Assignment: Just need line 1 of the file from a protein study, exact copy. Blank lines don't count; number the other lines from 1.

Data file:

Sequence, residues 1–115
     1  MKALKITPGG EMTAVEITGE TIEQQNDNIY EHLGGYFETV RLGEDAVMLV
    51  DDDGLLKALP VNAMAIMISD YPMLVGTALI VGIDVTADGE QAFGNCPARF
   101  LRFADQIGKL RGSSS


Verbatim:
Sequence, residues 1–115